The imazighen warriors were by far the 'better' cavalry yet the celt-iberians won the batlle(s).

Personally I consider the imazighen-numidian cavalry to have been the ultimate horsemen and the mamluks the optimum mounted warriors.
It would have been very hard to near impossible for mamluk riders to stop heavily armed and armoured crusaders. One such a knight in the desert encountered by a single mamluk however would have been like a tortoise attacked by a leopard.

It is like riding bitless. This gives quite marked advantages, more so than disadvantages, but is does have its limits. When the limits apply, it simply is no option.
Same thing shooing the horses.
Optimal is not always best.
Thát is what I am trying to convey.

I guess the roman army evolved the best use of cavalry history has ever seen, making use of the strongs of their auxiliaries. They kept the numidian (imazighen) cavalry in their lightest form right untill the end too Wink

Peter
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Lafayette C Curtis




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PostPosted: Sat 19 May, 2007 11:13 pm    Post subject:         Reply with quote

Honestly, I don't think we can make such broad generalizations. They may be valid for you as an individual horseman, but different people trained for different purposes in different traditions will certainly disagree--and their arguments will be every bit as valid as yours.

Not to mention that what is best for an individual horseman might not be the best choice for the whole unit. For example, Napoleonic armies were frequently ordered to change into full parade gear just before engaging in a great battle because the morale effect of their appearance--both in improving their own confidence and undermining the enemy's--totally outweigh the inconvenience that any individual rider might feel from the greater weight and encumbrance of the parade uniform. This was proved by accounts of enemies being terrorized by the magnificent parade-gear appearance of the Napoleonic cuirassiers, with one eyewitness even going so far as to mention the Frenchmen's impeccable white gloves!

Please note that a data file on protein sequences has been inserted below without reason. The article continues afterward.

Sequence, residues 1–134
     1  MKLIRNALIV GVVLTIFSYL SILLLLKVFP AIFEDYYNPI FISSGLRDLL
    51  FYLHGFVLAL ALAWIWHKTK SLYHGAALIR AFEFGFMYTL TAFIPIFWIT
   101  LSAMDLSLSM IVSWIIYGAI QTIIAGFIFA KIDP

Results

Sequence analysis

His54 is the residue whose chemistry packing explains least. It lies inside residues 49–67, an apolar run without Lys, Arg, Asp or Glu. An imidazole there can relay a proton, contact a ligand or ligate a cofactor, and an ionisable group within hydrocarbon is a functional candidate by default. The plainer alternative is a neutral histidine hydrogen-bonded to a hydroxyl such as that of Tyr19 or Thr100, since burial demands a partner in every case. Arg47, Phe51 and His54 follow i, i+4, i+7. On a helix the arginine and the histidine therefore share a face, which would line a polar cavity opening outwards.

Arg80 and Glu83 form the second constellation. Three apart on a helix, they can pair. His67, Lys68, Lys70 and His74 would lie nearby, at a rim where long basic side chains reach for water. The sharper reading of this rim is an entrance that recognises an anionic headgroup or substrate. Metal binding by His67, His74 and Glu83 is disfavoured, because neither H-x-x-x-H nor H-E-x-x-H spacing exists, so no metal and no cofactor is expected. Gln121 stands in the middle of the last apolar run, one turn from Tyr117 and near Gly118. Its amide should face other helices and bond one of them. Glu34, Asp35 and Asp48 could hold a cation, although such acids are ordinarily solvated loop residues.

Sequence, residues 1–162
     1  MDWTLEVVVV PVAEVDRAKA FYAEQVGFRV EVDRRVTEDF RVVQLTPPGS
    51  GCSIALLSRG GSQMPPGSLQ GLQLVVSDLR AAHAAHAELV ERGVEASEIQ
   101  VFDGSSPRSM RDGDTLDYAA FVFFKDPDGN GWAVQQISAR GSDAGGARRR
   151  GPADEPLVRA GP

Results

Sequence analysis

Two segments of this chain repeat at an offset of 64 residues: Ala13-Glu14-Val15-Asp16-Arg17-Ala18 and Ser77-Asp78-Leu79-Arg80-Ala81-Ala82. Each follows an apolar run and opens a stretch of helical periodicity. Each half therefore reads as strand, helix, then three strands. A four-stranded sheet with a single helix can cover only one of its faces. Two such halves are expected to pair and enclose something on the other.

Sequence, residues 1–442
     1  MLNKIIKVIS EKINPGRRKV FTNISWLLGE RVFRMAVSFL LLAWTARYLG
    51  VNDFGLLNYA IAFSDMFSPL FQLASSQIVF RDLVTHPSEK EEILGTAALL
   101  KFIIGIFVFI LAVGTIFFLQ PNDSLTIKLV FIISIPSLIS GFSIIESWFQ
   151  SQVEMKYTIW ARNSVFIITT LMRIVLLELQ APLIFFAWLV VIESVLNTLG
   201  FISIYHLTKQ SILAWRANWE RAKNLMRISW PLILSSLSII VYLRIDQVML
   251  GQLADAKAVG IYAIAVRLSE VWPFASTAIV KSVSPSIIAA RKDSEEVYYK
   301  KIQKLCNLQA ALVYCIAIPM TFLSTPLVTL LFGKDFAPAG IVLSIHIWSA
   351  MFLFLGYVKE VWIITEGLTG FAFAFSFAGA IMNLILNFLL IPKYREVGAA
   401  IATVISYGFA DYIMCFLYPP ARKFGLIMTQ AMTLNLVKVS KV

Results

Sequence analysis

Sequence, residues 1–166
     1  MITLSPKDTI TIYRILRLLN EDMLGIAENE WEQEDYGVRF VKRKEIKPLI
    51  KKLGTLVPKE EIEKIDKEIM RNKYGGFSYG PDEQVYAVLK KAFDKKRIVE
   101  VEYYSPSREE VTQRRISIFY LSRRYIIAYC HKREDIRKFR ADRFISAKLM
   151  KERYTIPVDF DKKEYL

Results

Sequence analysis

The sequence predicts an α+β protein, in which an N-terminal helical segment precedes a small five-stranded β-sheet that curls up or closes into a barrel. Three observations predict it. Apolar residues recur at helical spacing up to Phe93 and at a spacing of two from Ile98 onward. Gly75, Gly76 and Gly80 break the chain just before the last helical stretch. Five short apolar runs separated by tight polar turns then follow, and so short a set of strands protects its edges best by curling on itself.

We can also look at it from another angle. If we follow your line of reasoning, then the medieval men-at-arms shoudl have discarded the bulky crests on their helmets and the colorful caparisons on their horses--but the fact is that they didn't. The morale impact of their plumed, caparisoned appearance was (rightly) judged to be more important than their additional weight and bulk.

Of course, it still has nothing to do with your original post on the classification of swords, to which I see no reason to object.
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Peter Bosman




Location: Andalucia
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PostPosted: Sun 20 May, 2007 1:12 am    Post subject:         Reply with quote

Well Lafayette, you are not stating anything that disaccords with what I write.
The medieval knight very well knew the added weight was a hindrance and a handicap = contary to the essence of cavalry. Nevertheless the díd use it because it gave other advantages at thát time in theír situation.
Also knights gave up on most of the bulk/weight as soon as fashion, ritual, weapons, warfare evolved.

Napoleon used massed cavalry p.e. Masses of light cavalry yet he did not bother with horsemanship nor swordmanship. A mass of cavalry was his answer to the firepower of infantry.

This off course ALL is a generalisation. I make the comment to keep the perspective. It's the same thing, the perspective, that led Caprilli to devellop his riding style. If you read his motivations, he captions the lightness and speed quite correctly too.
The account of an excersize the visiting russion cavalry officer in the boek of which Dario gave the e-link is illustrative. That is cavalry in its essence.

Peter
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Craig Peters




PostPosted: Sun 20 May, 2007 8:32 am    Post subject:         Reply with quote

Peter Bosman wrote:
Well Lafayette, you are not stating anything that disaccords with what I write.
The medieval knight very well knew the added weight was a hindrance and a handicap = contary to the essence of cavalry. Nevertheless the díd use it because it gave other advantages at thát time in theír situation.
Also knights gave up on most of the bulk/weight as soon as fashion, ritual, weapons, warfare evolved.



Peter,

I'd be careful with this generalization. For instance, the progression with knights suggests that their armour became heavier, or at least, remained as heavy, as they made the transition from mail to plate. Knights giving up their weight was more of a consequence of firearms than anything else. I realize that you acknowledge that this change occurred when weapons and warfare evolved, but I think you might be misleading yourself in thinking that lightness and lack of weight was the order of the day for the best cavalry.